The Great Recession and the Web of Inequality

The following is an adapted excerpt from Ronald Formisano’s Plutocracy in America: How Increasing Inequality Destroys the Middle Class and Exploits the Poor as a part of our Black History Month blog series.

Unequal access to health care is but one example of how income inequality creates a proliferating range of consequences not often discussed in relation to one another. None of these subjects has been ignored or unreported somewhere, either in print or on the Internet. But by drawing many of these topics together and showing interconnections, I highlight the widespread consequences of inequality as it washes through society like a noxious flood. This approach rejects arguments that downplay the effects of governmental or corporate policies and instead invoke the role of impersonal forces, such as globalization, as mainly being responsible for inequality in income and wealth. The OECD finds that “the evidence as to the role of globalization in growing inequality is mixed.” Whatever globalization has contributed to inequality as an independent cause, corporations have set the rules in global markets that virtually eliminate workers’ bargaining power, while environmental and other standards have been ignored.

It is too easy to blame impersonal forces like globalization. Moretti’s assertion that Wall Street is not “guilty” of killing blue-collar America— rather, “history did it”—sets aside decisions by governments, financial institutions, and corporations. Wall Street alone did not displace workers from manufacturing jobs, but Moretti’s claim neglects the process by which, beginning in the 1970s, the United States “traded manufacturing for finance,” as well as the campaigns of business-interest groups, their think tanks, and conservative Republicans to do everything in their power to weaken and discredit unions.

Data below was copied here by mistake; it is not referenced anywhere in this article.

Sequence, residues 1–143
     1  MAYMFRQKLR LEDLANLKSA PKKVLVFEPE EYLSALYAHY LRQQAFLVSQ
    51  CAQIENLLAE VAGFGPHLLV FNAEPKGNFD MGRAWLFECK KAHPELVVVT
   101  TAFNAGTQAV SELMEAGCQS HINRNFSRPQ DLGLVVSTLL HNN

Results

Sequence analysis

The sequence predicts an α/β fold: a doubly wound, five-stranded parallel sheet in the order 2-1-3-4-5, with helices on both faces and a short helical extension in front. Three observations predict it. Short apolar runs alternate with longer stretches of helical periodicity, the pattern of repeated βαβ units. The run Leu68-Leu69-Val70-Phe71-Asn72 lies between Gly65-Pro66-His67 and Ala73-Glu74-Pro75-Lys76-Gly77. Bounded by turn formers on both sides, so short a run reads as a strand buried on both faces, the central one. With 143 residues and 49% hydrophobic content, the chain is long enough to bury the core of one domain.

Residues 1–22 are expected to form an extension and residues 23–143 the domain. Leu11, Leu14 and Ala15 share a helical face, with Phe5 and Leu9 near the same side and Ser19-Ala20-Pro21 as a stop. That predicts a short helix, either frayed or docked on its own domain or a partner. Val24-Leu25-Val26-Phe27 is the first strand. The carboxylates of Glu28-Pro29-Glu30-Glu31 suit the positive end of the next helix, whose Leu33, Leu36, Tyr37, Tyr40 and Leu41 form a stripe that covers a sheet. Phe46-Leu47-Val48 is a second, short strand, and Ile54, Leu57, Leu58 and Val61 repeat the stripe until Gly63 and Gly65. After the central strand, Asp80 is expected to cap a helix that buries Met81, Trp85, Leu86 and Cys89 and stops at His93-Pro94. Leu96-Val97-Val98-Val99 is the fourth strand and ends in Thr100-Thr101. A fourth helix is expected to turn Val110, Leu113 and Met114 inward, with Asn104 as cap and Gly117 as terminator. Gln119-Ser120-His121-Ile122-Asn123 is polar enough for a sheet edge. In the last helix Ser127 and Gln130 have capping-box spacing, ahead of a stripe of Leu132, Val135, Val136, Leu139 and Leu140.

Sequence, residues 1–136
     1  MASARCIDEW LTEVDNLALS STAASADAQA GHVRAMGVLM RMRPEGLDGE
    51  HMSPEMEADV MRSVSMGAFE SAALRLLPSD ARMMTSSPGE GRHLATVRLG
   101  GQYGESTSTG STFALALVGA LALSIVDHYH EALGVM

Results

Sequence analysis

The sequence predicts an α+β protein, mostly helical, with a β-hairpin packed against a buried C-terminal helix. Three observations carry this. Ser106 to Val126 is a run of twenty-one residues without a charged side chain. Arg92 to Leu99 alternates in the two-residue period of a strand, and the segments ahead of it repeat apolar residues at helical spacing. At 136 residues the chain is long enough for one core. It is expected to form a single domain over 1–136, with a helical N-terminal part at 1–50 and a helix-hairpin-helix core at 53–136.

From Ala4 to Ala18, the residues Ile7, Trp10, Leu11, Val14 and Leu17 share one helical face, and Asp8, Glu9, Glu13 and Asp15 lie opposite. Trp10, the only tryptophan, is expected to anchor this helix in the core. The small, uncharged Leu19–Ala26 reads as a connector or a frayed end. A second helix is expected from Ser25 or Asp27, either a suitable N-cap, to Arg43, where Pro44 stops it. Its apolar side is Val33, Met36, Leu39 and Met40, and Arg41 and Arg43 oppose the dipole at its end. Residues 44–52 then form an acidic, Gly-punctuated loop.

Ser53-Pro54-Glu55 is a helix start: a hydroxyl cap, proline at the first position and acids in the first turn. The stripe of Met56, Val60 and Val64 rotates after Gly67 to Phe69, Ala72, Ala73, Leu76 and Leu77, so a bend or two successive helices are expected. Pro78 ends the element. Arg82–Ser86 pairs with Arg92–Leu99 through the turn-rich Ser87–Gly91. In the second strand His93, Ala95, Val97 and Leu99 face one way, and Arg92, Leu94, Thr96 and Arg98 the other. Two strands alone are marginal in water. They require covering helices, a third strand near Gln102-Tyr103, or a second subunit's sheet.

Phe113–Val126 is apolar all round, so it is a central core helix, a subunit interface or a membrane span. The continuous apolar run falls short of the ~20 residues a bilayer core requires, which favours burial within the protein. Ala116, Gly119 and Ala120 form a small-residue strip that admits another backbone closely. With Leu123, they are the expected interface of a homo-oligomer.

During his second term, President Obama finally focused on economic inequality, beginning with a wide-ranging interview in July 2013 in which he stated that long-standing and growing inequality, along with the lingering effects of the financial crisis, were eroding the nation’s social fabric and undermining equality of opportunity. Upward mobility, he said, was what defined Americans, “and that’s what’s been eroding over the last 20, 30 years, well before the financial crisis.”

Near the end of that forty-minute interview, Obama briefly addressed race in relation to inequality, predicting that if inequality continued, “racial tensions won’t get better; they may get worse, because people will feel as if they’ve got to compete with some other group to get scraps from a shrinking pot.” Obama couched his brief remarks in race-neutral terms, rhetoric that, as the nation’s first African-American president, he has (perhaps understandably) employed often. He did not dwell on poverty or the greater degree of inequality experienced by African Americans and Hispanics, especially since the Great Recession. Nor did he address (again perhaps understandably) the nation’s staggering rate of incarceration, particularly of black males. With 5 percent of the world’s population, the United States has imprisoned almost a quarter of all of the globe’s inmates— around 2.2 million in 2012—and spends over $80 billion a year on jails and prisons. While African Americans compose approximately 12–13 percent of the nation’s population, they make up just over 40 percent of the prison population. Yet the scandal of the United States as a “prison nation” encapsulates the many ways that inequality, combined with discrimination against blacks and poor whites, “frays the social fabric.” Although incarceration rates for blacks, especially black women, fell between the years 2000 and 2009 (with rates for white men and women increasing), the effects of imprisoning African Americans in hugely disproportionate numbers after the 1970s is still reflected in the population of the nation’s almost 4,600 prisons (Russia has 1,029).